Certain vitamins for seniors, as well as specific minerals and nutrients, become increasingly important as we age. Those over 50 must make sure they get enough of the following vitamins for seniors through their diet and health supplements: vitamins B2, B6 and B12; vitamins C, D, E and K; folic acid; choline; calcium; chromium; magnesium; potassium; selenium; and zinc.
Your body requires at least 13 different vitamins in order to stay healthy. Some vitamins, like vitamin A, can be stored in fat cells or in the liver for long periods of time to be utilized later. But most vitamins must be replenished frequently by eating nutrient-rich foods and taking vitamin supplements.
People over the age of 50 must really watch what they eat in order to get the most nutritional value from their limited daily calories. If they aren’t diet-conscious, they could easily pack on extra pounds, which would then increase their risk of heart conditions, diabetes, and other health problems. Did you know that you only have to eat an extra 100 calories per day to gain 10 pounds in one year? That’s equivalent to eating just one extra slice of wheat bread or one medium-sized apple a day.
Unfortunately, if you don’t get all the important nutrients you need from your diet and vitamin supplements, health problems can develop. And nutritional deficiencies can persist for a long time before you notice any physical signs or symptoms; meanwhile, poor nutrition could be taking a toll on your health.
7 Signs of Inadequate Nutrition for those over 50
Fortunately, there are some tell-tale signs of not getting enough of the important vitamins for seniors that you should be aware of, including these 7 signs of inadequate nutrition:
- Increased Fatigue: Fatigue may be a sign of an iron deficiency, which can lead to anemia. Without the proper amount of iron, your body can’t produce enough hemoglobin, which enables red blood cells to carry oxygen to your body’s tissues. Without adequate oxygenation, you will feel weak, tired, and irritable. Some of the most iron-rich foods to include in your diet include red meat, egg yolks, dark-green leafy vegetables like spinach and collards, prunes, raisins, iron-enriched cereals and grains, oysters, clams, scallops, turkey or chicken giblets, beans, lentils, chick peas, soybeans, liver and artichokes. Fatigue can also be a symptom of many other health conditions, such as heart problems, depression, or thyroid problems. So if you experience any unexplained fatigue or weakness, you should consult your doctor to determine if it’s a nutritional deficiency or other ailment.
- Diminished Appetite: As you age, it’s normal to experience some changes in your appetite. Often with age, the taste buds don’t work as well as they used to, so foods just aren’t as appetizing as they once were. Medications can also cause you to lose your appetite. But a chronic lack of appetite can be a warning sign of nutritional deficiencies. So if you lose your interest in dining out or find that you’re skipping meals, you may need to assess your diet to make sure you’re getting the proper nutrition and important vitamins for seniors.
- Brittle and Dry Hair: Your hair can be a helpful indicator of your health status, including your nutrition. Brittle hair can be a sign that you’re not getting enough essential fatty acids, protein, iron, and other nutrients. It’s natural to experience some hair loss as you age. But if your hair is falling out more than usual, you may have a nutritional deficit. Once a deficiency is identified, you can treat the problem by including more nutrient-rich foods in your diet and taking vitamin supplements.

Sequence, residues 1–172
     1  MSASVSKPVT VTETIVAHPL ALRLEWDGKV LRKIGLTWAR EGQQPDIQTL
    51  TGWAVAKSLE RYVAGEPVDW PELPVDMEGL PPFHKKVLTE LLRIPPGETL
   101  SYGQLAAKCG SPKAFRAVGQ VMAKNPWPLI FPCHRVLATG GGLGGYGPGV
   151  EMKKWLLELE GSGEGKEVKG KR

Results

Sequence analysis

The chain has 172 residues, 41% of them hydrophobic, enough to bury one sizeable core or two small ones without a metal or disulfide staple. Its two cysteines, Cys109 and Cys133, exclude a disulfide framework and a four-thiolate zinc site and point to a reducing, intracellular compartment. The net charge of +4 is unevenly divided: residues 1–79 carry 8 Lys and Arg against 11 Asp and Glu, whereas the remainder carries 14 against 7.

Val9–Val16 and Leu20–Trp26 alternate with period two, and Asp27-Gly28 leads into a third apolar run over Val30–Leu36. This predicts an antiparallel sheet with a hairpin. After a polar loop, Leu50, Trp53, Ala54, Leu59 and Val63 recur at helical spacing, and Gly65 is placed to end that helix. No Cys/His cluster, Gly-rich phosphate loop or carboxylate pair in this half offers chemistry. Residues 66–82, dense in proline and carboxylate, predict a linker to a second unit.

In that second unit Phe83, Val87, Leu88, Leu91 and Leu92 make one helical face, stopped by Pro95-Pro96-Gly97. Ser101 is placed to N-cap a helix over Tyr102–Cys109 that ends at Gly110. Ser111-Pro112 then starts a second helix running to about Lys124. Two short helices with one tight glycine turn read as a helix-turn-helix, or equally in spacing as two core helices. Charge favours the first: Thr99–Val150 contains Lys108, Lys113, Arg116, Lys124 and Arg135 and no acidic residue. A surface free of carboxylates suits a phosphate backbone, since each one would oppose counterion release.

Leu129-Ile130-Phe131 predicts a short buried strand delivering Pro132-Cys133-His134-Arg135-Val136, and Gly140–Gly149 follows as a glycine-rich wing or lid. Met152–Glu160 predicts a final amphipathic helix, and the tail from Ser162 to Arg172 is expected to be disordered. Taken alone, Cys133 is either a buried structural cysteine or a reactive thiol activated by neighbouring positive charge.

- Ridged or Spoon-Shaped Nails: Your nails can also serve as an early indicator of a poor diet. Ridged or spoon-shaped nails where the nail curves up like a spoon from the nail bed—a condition called koilonychias—can be a sign of iron-deficiency anemia. To make sure you get enough iron in your diet, you should eat more iron-rich foods (see the list in #1 above).
- Mouth Problems: If your lips are cracking or if the corners of your mouth are inflamed—a condition called angular cheilitis—you may have a deficiency in riboflavin (B2) or iron. If your tongue is abnormally pale or swollen, it may also be due to a lack of iron or B vitamins. If you’re deficient in iron, zinc, or B vitamins, you could also develop a condition called burning mouth syndrome.
- Diarrhea: If you have chronic diarrhea, your body may not be absorbing nutrients like it should. Things that can cause this malabsorption are infections, surgical procedures, certain medications, drinking too much alcohol, and digestive disorders. If you have problems with chronic diarrhea, you should consult your doctor.
- Mood Changes: Unexplained mood changes, such as feeling apathetic or unusually irritable, may indicate a medical condition such as depression, but they can also indicate that your body is lacking nutrients. If you notice unusual mood changes, you may need to evaluate your diet to make sure you’re getting all the necessary important vitamins for seniors.
Of course, the key to good nutrition is to eat a balanced diet that includes as many fresh, whole, natural foods as possible, like fresh fruits and vegetables (including green leafy vegetables), plus lean meats like poultry and fish, and foods that are packed with nutrients like nuts, beans, liver, dried fruits, dairy foods, etc. Eating right, exercising regularly, and being aware of these signs of inadequate nutrition can help you head-off any deficiencies before they cause you any serious health problems.
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